Q&A: Hayley Wall

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wallpaper

The Scold’s Bridle
Illustration for a collaborative wallpaper with Hazel Critchley,
Sophie Myers and Ashley Fauguel.
Photographs courtesy of Hayley Wall Interview by Elizabeth Pollard

Hayley Wall is a London based illustrator who recently graduated from the MA illustration course at Camberwell School of Arts. Despite not always imagining a career in illustration, since leaving university she has had success after success drawing and designing as a freelancer. She often takes on realism as a subject matter but after translating her ideas through illustration, her work can often be perceived as quite abstract, sinister or even humorous.
You can see her work exhibited in the Love Walk Cafe in Camberwell and has shows coming up in Brixton, this September as part of the London Design Festival and a solo show in November at the Peckham Pelican.

Did you always want to be an illustrator? How did you get into the industry?
If I am honest, I have always drawn but it took me a long time to gain the confidence to really give illustration a go. After gaining a BTEC national diploma in graphic design, I then continued to higher education studying graphic arts and design at Leeds Metropolitan University. Throughout the course I barely drew and was concentrating more on design, elements of which still appear in my current work. It wasn’t until my final year I began drawing once more and found the love for it again. I began practicing traditional printmaking methods such as relief print, etching and screen print and left my degree with a confidence that I wanted to continue and so applied for the MA Illustration course at Camberwell. I graduated last year and have since been freelancing. It’s only now after finishing education, that I see how important each stage has been. Although I studied illustration, still the term is very broad with many disciplines crossing over into one another. I don’t like to pigeonhole myself and allow boundaries.

shadow big website
Then The Shadows Came In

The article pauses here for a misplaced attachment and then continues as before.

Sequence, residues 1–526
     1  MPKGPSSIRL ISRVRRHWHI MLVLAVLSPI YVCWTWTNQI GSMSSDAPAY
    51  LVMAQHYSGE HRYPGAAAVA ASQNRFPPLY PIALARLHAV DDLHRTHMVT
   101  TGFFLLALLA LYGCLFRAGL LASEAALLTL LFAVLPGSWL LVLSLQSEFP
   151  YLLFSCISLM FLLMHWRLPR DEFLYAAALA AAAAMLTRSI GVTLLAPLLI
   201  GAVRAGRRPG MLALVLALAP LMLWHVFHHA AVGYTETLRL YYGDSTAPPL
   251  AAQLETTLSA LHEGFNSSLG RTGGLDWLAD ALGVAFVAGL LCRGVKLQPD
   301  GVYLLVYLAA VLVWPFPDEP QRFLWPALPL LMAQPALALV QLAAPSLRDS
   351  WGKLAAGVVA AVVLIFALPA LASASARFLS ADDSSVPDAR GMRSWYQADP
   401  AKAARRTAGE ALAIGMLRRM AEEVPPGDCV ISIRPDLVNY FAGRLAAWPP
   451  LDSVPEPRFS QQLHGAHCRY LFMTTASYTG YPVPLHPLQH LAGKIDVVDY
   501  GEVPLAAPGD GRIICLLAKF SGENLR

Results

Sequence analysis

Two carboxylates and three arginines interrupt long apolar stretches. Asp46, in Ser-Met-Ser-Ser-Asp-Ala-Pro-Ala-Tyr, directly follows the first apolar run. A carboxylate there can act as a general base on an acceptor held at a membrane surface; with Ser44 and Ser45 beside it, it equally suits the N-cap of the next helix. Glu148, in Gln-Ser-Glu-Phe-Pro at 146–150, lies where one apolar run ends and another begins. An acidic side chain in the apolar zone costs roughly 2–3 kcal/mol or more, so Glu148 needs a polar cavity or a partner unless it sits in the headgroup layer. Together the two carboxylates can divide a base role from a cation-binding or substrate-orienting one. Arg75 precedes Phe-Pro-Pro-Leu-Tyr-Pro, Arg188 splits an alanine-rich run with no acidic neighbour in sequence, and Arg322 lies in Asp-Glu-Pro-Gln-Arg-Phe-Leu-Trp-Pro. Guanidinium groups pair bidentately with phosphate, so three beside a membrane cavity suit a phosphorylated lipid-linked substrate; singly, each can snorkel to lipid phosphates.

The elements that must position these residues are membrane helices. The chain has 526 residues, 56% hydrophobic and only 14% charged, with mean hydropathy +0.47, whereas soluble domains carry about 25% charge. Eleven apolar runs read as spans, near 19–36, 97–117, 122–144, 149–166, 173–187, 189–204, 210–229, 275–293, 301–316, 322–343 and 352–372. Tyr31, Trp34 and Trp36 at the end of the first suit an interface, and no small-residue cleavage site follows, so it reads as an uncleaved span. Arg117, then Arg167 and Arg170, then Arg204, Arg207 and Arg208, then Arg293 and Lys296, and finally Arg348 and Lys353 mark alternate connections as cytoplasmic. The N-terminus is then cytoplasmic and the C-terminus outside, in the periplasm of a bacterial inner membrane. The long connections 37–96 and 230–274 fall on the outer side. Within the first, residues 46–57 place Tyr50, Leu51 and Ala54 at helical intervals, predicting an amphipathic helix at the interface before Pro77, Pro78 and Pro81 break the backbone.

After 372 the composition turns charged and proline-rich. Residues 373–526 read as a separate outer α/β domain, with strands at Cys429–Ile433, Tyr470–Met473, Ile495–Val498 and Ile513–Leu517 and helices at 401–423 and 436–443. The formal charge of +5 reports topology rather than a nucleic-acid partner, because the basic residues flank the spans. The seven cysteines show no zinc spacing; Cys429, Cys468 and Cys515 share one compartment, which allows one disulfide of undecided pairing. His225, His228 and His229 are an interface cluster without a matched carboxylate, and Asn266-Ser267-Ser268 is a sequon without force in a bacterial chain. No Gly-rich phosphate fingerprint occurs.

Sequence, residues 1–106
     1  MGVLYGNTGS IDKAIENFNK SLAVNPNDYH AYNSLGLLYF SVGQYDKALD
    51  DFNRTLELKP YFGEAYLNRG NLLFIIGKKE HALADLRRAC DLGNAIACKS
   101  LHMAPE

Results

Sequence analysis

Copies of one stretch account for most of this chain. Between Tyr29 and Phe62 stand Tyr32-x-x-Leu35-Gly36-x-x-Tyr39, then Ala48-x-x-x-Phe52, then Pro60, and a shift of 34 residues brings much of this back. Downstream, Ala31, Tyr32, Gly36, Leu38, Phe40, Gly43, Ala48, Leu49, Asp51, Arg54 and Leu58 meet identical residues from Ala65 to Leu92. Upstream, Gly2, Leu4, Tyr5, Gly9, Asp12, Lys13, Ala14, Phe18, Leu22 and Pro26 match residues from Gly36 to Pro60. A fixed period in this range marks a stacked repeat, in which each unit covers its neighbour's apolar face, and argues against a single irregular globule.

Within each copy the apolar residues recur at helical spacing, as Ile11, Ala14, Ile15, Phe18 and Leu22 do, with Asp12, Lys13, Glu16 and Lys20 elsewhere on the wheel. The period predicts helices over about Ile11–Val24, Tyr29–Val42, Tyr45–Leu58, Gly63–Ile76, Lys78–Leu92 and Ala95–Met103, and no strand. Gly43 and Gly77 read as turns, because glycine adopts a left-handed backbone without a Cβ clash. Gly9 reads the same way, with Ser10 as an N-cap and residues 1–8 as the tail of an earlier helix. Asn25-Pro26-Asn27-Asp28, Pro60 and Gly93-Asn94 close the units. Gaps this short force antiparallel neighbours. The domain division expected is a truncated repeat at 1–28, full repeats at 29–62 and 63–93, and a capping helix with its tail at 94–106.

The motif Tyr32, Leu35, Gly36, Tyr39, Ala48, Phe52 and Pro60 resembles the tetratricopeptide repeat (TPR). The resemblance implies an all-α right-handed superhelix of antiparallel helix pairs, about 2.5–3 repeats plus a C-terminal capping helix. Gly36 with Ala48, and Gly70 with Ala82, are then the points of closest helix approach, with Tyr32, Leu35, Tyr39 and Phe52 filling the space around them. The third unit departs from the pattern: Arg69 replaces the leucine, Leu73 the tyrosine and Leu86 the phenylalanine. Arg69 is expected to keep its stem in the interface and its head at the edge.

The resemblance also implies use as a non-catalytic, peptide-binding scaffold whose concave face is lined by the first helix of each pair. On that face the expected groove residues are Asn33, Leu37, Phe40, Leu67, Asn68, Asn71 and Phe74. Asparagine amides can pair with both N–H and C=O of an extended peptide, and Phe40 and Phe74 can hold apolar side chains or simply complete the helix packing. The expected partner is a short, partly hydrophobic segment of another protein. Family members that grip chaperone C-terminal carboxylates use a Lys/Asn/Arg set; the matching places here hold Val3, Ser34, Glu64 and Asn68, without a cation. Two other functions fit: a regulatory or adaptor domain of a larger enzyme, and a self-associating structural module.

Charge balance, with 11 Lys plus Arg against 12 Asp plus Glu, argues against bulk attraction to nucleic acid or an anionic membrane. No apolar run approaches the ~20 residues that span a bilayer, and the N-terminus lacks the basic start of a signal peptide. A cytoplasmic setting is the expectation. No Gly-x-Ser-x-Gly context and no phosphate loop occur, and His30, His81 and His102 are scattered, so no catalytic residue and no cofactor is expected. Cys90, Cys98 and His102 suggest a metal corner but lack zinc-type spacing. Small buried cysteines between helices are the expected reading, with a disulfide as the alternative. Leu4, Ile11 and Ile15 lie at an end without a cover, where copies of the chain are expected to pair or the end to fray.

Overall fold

Large Scale wood-cut reduction 12 panel print with hand drawn figures. 2.10m x 2.35m. Final MA show piece.

Who are your big influencers, within and outside of the industry?
I am influenced by a wide range of artists and things I come across on a day to basis; people who never fail to inspire are Matisse, his use of colour and in particular the simplicity of his paper cuts. Also Henry Moore for the fluidity of his sculptures and the graphic elements in the work of Picasso and his prints have had a big impact on my work and me. The dark yet alluring work of Paula Rego is a massive influence. Her work is deeply personal, and the autobiographical stories she tells still allow others to read into it what they will, an idea that I hope reflects in my own work.

Europe, it’s architecture and the art native to it has also had a massive effect on me. An abundance of traditional art, which is simply part of the culture, can be found all over from Polish film posters to the Bauhaus movement has inspired me on my travels around Europe. I am very much interested in outsider art and the compulsive need to do it. I love the idea of retaining the instinctual nature of making art. Although education has played a big part in my progression as an artist, at times I have found it almost a hindrance, it can be easy easy to lose one’s naïve state of mind. For me, contemporary illustration can be clouded by the need to follow trends and in turn loses its honesty.

From lino cut to neon lights, you work across many different mediums. Which is your favourite and how does a project determine the material used?
It’s hard to choose a favourite as I really enjoy allowing my work to translate into different mediums, allowing no limitations and a constant sense of excitement and spontaneity. Ink is a great medium for my preliminary sketches. I turned to this initial way of working, as I like the looseness and crudeness of the line or mark being made, this can then be translated into any medium I choose. I will always have a love for relief print as again it’s about the crudeness and I enjoy its forced aesthetic. It’s an unpredictable process. Pulling away the paper to reveal the very first print is always exciting as I’m never quite sure how it will turn out.